Busting misdemeanor marijuana offenses has never topped Summit County Sheriff John Minor's list of priorities.
So Gov. Hickenlooper's executive order Monday officially making marijuana possession and consumption legal for adults over 21 won't drastically change his law-enforcement policies, at least in the short-term.
"It's still a low priority for us, and we'll probably ramp it down even further," Minor said. "Keep it out of sight, out of mind. Don't bring attention to yourselves."
The same goes for Breckenridge, where voters approved a measure in 2009 decriminalizing cannabis.
"This isn't going to impact us as greatly as it may other jurisdictions," Breckenridge Police Department spokeswoman Kim Stremel said.
When voters gave the constitutional Amendment 64 the green light Nov. 6, Summit County didn't have a single marijuana possession case pending with the district attorney's office.
But, for other departments, the issue is more complicated, placing them at the heart of a still-unresolved conflict between state and federal law. The confusion is further compacted by the fact that the district attorney's office is currently in transition, as outgoing DA Mark Hurlbert prepares to turn the reins over to prosecutor-elect Bruce Brown.
"I really don't have a clear path yet," Dillon police chief Steve Neumeyer said. "There're so many pieces not in place. ... It's really peculiar because the federal government is saying it's illegal, the state government is saying it's not, and we have statutes on the books which are still active."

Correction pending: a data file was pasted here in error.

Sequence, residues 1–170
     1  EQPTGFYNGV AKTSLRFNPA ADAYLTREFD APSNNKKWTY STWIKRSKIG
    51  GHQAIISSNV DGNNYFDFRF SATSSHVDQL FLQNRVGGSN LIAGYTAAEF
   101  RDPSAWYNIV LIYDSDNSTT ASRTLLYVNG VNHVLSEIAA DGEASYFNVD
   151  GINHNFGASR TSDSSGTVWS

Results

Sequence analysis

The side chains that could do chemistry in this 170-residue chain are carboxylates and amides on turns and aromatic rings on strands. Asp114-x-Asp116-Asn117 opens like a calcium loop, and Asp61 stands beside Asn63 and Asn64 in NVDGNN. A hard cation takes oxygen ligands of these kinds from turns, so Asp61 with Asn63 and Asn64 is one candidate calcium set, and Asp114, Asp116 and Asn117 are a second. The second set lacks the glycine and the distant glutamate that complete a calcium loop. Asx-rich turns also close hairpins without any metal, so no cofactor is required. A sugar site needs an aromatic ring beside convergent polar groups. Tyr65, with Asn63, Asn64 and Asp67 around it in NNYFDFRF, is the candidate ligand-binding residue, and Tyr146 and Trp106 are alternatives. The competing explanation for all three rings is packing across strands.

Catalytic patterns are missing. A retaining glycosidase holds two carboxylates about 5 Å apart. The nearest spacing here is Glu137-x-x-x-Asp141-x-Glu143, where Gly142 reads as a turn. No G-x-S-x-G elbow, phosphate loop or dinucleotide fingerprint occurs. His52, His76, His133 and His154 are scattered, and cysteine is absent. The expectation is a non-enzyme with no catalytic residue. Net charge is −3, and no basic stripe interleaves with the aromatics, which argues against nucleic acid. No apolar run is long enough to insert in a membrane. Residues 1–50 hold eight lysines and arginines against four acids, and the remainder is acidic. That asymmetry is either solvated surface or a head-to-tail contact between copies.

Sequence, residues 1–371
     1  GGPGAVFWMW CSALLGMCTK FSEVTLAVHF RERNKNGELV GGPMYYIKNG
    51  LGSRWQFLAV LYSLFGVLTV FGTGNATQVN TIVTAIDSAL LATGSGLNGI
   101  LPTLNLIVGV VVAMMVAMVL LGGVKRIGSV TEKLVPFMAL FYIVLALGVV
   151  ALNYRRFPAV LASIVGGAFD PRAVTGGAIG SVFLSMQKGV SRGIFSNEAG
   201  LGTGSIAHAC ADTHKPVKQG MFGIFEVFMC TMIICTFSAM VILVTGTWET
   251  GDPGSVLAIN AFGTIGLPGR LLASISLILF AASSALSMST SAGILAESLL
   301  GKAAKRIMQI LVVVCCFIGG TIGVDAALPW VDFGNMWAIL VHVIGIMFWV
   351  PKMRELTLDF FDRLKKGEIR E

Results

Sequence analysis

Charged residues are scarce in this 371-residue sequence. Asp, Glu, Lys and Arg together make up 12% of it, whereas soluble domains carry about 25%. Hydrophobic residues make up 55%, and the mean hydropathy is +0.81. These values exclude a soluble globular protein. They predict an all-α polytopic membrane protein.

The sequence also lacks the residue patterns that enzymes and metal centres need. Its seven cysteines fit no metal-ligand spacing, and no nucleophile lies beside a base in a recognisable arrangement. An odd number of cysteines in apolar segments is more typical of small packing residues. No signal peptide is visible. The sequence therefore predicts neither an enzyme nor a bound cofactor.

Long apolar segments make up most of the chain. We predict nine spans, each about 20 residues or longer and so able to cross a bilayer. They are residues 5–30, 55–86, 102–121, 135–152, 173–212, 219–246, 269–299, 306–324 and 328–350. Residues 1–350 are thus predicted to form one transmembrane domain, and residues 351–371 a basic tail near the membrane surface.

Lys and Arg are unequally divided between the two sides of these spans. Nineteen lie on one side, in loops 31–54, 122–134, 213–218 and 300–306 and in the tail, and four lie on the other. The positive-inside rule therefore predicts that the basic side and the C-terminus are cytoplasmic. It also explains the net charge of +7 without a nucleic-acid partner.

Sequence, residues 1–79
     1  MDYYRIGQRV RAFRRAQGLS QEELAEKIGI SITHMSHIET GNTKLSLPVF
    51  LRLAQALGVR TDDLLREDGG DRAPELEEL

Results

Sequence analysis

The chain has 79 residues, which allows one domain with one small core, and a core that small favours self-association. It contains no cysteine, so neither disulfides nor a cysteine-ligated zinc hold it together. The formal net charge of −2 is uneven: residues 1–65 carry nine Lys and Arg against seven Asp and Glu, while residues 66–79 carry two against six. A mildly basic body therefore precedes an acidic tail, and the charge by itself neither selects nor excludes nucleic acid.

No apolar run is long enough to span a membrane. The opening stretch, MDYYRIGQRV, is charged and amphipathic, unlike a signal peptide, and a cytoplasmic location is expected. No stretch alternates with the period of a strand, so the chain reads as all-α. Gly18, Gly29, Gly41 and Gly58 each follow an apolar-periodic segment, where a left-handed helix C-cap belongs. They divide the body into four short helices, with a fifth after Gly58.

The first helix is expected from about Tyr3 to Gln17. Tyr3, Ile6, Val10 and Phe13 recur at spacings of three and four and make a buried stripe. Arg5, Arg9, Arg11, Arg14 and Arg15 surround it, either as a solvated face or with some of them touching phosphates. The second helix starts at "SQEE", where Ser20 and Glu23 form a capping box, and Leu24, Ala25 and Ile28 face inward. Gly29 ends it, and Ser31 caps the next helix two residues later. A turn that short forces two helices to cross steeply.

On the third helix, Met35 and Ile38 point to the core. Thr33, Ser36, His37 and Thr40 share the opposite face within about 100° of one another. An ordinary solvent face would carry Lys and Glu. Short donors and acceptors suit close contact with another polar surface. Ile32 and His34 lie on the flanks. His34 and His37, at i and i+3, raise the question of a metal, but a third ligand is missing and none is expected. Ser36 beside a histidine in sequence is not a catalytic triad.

Neumeyer said, for now, his force will likely take note of new offenses and return to them later when the waters are less murky.
Hickenlooper signed an executive order Monday that made an official declaration of the vote and formally added Amendment 64 to the Colorado Constitution. It makes the personal use, possession and limited home-growing of marijuana legal under Colorado law.
"Voters were loud and clear on Election Day," Hickenlooper stated in a release Monday. "We will begin working immediately with the General Assembly and state agencies to implement Amendment 64."
But the governor failed to include law- enforcement agencies in a state task force charged with making recommendations to lawmakers to help implement marijuana regulations next year.
"We're going to have a concern about that," said Minor, who noted that officials who enforce state law might be at risk of federal prosecution.
Hickenlooper sent a letter to U.S. Attorney General Eric Holder asking for clarification on the federal position on Colorado's new law, but there has been no response so far, according to the governor's release.
The first task force meeting will be held at noon Monday at the Department of Revenue and Gaming Conference Room. It will be open to the public.